There are some unique features of Meyer's career. First, he never was a head coach anywhere but at DePaul. Second, he is one of a very few coaches to take a team to the Final Four in his first season as a head coach.

Third, Meyer may have the longest time between Final Fours of any head coach. DePaul went in that first season (1943), and then also in 1979. Thirty-six years is a long stretch to maintain that level of excellence.

Of course, DePaul had some low spots during Meyer's long tenure. From 1967 through 1975 they did not go to any kind of postseason. On the other hand, on top of those Final Fours, they had twelve 20-win seasons.

Meyer finished his career with a run of seven seasons of at least 21 wins, and all but one of them were at least 26 wins. From 1980 through 1982, he had three straight seasons in which he lost only two games.

Sunday, May 3, 2020

Late game lineups

Late in the game, when free throw shooting is at a premium, a lot of teams are in trouble because they don't have enough players who are good FT shooters. We ought not to have that problem, although we might have to play smallball a little bit to get there. Here are our best FT shooters:

Nowell 87.9%
Stulic 86.9%
Lukic 76.6%
Coupet 76.5%
Johnson 72.7%

That is a pretty solid group, even if there are not true bigs. And Johnson and Coupet are our #2 and #3 rebounders, respectively.

Saturday, May 2, 2020

More than Bird

No one goes to the national finals with just one player, so we know that Indiana State had a good team in 1979 - more than just Larry Bird - even if they were not from a power conference. Bird did have a double/double, but there were two other players who scored in double figures.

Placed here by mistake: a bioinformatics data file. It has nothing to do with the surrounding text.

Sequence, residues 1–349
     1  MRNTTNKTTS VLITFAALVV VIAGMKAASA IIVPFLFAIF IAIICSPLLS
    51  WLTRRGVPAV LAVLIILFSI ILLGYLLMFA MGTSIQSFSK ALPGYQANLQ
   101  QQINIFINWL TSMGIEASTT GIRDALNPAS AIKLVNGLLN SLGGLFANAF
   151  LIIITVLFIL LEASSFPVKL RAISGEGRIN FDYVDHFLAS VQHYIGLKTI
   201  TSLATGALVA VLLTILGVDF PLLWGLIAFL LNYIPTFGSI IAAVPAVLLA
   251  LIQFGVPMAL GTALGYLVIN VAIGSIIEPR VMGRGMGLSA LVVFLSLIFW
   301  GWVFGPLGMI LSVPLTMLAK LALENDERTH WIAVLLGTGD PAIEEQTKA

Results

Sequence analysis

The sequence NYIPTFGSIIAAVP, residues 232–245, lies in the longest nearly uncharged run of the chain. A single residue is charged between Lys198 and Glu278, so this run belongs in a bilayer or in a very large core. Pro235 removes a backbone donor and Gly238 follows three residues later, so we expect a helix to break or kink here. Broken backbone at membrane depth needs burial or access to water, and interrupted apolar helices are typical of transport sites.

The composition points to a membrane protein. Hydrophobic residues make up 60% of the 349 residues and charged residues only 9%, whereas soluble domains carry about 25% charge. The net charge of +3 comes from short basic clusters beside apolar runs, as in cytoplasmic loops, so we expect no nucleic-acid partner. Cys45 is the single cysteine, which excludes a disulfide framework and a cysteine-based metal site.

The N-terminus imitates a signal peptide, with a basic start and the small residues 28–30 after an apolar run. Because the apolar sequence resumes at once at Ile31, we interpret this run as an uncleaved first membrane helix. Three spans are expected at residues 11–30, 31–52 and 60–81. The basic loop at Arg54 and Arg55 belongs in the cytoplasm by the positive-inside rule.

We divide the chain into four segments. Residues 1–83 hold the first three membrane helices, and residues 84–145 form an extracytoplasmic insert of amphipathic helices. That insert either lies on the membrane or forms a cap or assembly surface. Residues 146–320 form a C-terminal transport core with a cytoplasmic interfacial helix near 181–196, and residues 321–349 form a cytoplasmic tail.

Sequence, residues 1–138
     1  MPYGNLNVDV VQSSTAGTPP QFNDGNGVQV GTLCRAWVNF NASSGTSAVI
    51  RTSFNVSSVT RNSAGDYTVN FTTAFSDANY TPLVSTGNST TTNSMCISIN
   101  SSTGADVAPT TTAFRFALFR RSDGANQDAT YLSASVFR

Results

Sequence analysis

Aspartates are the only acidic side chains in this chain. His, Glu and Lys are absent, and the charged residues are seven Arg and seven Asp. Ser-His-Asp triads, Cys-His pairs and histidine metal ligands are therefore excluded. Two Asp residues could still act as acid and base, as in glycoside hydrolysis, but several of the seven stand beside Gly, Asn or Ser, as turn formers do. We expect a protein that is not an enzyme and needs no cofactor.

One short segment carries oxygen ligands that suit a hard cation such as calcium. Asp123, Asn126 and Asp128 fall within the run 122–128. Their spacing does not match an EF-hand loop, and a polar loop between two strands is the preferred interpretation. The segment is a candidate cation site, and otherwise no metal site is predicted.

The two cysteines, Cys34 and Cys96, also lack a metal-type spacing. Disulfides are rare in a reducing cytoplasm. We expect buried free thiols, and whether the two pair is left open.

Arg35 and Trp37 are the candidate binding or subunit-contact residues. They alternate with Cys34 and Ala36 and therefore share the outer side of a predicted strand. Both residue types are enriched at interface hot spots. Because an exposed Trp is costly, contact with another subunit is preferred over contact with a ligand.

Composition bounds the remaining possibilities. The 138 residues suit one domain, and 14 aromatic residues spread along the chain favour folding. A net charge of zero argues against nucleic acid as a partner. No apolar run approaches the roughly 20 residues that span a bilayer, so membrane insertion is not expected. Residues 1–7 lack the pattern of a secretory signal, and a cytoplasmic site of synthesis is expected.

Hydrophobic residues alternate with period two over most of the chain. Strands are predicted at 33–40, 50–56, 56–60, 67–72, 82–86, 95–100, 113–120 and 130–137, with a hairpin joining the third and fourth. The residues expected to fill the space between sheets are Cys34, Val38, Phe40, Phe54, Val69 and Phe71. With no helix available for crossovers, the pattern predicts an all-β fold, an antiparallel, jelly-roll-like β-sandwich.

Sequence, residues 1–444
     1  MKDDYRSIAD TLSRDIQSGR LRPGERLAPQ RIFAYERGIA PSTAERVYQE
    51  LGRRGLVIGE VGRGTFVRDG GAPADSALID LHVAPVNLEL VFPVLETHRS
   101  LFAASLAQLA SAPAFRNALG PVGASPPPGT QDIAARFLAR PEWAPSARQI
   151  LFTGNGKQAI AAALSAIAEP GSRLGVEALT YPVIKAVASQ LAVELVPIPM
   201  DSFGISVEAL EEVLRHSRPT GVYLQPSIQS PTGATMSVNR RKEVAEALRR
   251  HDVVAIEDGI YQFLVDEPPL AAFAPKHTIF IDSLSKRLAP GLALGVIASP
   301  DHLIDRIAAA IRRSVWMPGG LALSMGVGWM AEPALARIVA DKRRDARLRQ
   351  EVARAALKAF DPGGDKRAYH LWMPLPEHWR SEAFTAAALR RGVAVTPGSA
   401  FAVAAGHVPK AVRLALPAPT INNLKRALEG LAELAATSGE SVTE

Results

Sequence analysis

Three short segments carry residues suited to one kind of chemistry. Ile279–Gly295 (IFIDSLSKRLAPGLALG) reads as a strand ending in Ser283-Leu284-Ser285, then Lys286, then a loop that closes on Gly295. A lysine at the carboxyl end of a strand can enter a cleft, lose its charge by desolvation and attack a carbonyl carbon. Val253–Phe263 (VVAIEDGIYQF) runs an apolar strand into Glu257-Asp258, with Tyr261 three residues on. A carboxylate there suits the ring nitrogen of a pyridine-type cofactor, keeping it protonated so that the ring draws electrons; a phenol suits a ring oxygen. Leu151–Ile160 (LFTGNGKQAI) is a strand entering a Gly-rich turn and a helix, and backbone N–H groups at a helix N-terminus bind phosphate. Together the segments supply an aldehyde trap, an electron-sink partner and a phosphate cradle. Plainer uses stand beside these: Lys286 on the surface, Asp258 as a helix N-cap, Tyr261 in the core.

And even though that was their only run as far as the Sweet 16 at the D1 level, they did have considerable success at lower levels.

The Sycamores were the NAIA national champs in 1950, and the runner-up on two other occasions, plus the D2 runner-up in 1968. And they went to the NAIA Final Four on three other occasions. So, Indiana State was accustomed to the bright lights of post-season, although it had been a while when the Bird Man led them to within a few points of a national championship in 1979.

Friday, May 1, 2020

Double tandem of big men

Enjoy it, fans, because the double pair of big men that Little Rock should have working this coming season is very rare at our level. This past season (what there was of it), Ruot Monyyong just missed averaging a double/double, plus shooting 56.9% and blocking 62 shots. Kamani Johnson averaged 11 points and 6 rebounds per game, and led the team with 94 offensive boards.

BUT year before last, we also had a tremendous pair of big men. It is just that it was a different pair. Nikola Maric averaged 10.7 points and 4.5 rebounds, plus he shot 42.9% from the arc. While he was doing that, Kris Bankston was setting a school record with an unbelievable 81.3% from the field, 8.2 ppg, 4.5 rpg, and 34 blocks for good measure.

The good news? all four of them should be available this coming season.

Assuming all four stay healthy and play somewhere near their capabilities, what this means is that we have two pairs of big men to throw into the fray without having a significant letdown in performance. So the big guys can go as hard as they can go, all the time, and we have TWENTY big man fouls to give. And, of course, that is not even counting Admir Besovic, the biggest of them all, who gave us some quality minutes early last season.

Get ready, Little Rock. This town has never seen a stable of big men like this. Probably the Sun Belt has never seen it.